Necessary Illusions Copyright © 1989 by Noam Chomsky
Chapter 5: The Utility of Interpretations Segment 6/11
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With appropriate interpretations, then, we can rest content that the United States and its clients defend democracy, social reform, and self-determination against Communists, terrorists, and violent elements of all kinds. It is the responsibility of the media to laud the "democrats" and demonize the official enemy: the Sandinistas, the PLO, or whoever gets in the way. On occasion this requires some fancy footwork, but the challenge has generally been successfully met.36

Our "yearning for democracy" is accompanied by a no less profound yearning for peace, and the media also face the task of "historical engineering" to establish this required truth. We therefore have phenomena called "peace missions" and "the peace process," terms that apply to whatever the United States happens to be doing or advocating at some moment. In the media or responsible scholarship, one will therefore find no such statement as "the United States opposes the peace process" or "Washington has to be induced to join the peace process." The reason is that such statements would be logical contradictions. Through the years, when the United States was "trumping" the Contadora process, undermining the Central America peace accords, and deflecting the threat of peace in the Middle East, it never opposed the peace process in acceptable commentary, but always supported the peace process and tried to advance it. One might imagine that even a great power that is sublime beyond imagination might sometimes be standing in the way of some peace process, perhaps because of misunderstanding or faulty judgment. Not so the United States, however -- by definition.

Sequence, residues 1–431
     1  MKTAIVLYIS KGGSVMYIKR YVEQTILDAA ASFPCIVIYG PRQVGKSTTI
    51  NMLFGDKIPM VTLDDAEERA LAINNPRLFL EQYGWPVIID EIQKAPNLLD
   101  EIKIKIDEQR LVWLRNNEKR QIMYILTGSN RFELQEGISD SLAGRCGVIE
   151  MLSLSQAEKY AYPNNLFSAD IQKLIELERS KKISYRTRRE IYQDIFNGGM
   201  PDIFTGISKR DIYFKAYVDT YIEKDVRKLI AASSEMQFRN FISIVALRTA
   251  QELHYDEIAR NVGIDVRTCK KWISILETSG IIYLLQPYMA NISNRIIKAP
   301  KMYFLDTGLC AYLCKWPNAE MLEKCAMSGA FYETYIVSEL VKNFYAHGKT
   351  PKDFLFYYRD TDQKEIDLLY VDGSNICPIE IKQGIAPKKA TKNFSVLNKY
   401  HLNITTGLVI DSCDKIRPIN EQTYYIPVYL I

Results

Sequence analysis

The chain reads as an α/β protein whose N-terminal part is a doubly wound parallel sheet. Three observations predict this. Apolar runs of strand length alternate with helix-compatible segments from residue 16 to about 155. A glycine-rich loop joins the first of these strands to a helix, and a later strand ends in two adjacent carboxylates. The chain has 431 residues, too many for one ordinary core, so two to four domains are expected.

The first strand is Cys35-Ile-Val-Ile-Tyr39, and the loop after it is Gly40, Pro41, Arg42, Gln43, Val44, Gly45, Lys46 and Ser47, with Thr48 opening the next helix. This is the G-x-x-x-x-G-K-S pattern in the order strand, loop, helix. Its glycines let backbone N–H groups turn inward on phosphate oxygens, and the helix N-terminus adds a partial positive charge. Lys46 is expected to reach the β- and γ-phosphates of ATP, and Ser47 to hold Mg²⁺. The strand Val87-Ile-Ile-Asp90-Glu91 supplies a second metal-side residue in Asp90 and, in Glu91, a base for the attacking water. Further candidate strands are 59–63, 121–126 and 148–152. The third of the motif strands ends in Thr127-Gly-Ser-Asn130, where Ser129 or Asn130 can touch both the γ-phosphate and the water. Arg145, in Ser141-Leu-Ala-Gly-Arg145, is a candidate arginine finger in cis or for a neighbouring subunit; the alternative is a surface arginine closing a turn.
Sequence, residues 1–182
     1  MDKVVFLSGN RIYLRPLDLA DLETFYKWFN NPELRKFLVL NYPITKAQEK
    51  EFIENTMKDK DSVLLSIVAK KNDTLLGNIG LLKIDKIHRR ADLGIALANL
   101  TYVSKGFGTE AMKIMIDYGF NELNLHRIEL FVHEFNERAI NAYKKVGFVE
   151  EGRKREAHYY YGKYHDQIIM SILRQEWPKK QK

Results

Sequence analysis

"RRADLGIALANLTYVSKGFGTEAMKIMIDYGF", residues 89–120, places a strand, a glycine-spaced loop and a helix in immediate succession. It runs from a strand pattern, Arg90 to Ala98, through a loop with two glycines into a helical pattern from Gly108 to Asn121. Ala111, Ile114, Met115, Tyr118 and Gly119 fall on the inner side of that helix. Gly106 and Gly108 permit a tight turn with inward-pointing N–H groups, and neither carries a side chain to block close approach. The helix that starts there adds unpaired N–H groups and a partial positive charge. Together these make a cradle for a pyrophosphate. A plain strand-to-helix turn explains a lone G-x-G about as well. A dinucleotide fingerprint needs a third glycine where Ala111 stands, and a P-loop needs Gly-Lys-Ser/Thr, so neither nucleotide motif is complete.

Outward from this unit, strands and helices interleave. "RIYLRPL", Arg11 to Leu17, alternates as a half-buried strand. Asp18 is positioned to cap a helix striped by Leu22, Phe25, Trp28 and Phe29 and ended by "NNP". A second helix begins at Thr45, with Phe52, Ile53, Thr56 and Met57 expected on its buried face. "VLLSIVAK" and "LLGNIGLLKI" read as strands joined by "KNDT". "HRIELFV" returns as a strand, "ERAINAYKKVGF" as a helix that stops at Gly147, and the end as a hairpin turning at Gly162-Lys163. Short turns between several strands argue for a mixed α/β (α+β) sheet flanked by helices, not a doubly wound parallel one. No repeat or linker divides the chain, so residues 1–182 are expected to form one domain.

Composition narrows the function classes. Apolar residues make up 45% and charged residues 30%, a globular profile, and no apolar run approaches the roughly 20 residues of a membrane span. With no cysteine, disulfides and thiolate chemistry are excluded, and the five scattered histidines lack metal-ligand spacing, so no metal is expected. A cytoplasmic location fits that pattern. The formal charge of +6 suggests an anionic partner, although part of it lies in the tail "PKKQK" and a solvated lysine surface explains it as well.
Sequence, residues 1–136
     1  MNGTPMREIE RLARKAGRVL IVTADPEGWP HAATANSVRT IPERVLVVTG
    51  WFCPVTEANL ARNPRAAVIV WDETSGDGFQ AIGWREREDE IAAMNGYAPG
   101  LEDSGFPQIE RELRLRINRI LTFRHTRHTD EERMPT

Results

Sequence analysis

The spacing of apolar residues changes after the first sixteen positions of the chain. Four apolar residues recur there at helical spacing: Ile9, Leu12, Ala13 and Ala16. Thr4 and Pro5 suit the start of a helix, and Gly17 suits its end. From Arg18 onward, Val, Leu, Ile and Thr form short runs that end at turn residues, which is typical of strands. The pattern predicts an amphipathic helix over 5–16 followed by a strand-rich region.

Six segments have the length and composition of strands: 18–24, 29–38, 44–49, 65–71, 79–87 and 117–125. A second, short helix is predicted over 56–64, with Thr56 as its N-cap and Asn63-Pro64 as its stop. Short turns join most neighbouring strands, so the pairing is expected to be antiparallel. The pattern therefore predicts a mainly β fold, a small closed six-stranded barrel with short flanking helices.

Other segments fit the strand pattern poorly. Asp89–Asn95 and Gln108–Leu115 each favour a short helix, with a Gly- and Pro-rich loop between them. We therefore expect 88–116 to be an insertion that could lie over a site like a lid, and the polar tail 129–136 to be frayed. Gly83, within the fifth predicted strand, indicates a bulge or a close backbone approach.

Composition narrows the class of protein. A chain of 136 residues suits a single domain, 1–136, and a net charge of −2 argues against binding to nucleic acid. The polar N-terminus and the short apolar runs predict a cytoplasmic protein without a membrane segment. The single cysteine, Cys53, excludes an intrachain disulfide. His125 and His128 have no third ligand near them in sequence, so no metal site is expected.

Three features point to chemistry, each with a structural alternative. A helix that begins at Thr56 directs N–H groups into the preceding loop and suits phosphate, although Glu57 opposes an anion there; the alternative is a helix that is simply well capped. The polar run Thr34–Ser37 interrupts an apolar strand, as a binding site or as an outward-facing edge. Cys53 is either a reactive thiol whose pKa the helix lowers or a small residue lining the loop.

A headline in the Los Angeles Times in late January 1988 reads: "Latin Peace Trip by Shultz Planned." The subheading describes the contents of the "peace trip": "Mission Would Be Last-Ditch Effort to Defuse Opposition on Contra Aid."37 The article quotes administration officials who describe the "peace mission" as "the only way to save" contra aid in the face of "growing congressional opposition." In plain English, the "peace mission" was a last-ditch effort to block peace and mobilize Congress for the "unlawful use of force" now that Washington and its loyal media had succeeded in completely dismantling the unwanted Central American peace plan and Ortega had agreed that its provisions should apply to Nicaragua alone, foiling the hope that Nicaragua would reject these U.S. conditions so that they could be depicted as the spoilers.

A further goal of the "peace mission," the article continues, was to "relegate Nicaragua's four democratic neighbors to the sidelines in peace talks," with the United States taking command; the "democracies," though pliable, still show an annoying streak of independence. A few months later, the New York Times reported further efforts by the administration "to `keep pressure' on the Sandinistas by continuing to provide support for the contras," including "more military aid," while urging U.S. allies to "join the United States in efforts to isolate Nicaragua diplomatically and revive the peace process..."; George Shultz is quoted as reflecting that perhaps he might have become "involved in the peace process" still earlier. The Los Angeles Times described these renewed administration efforts "to build support for the resumption of U.S. military aid to Nicaragua's Contras" under the headline: "Shultz Will Try to Revive Latin Peace Process."38

In short, War is Peace.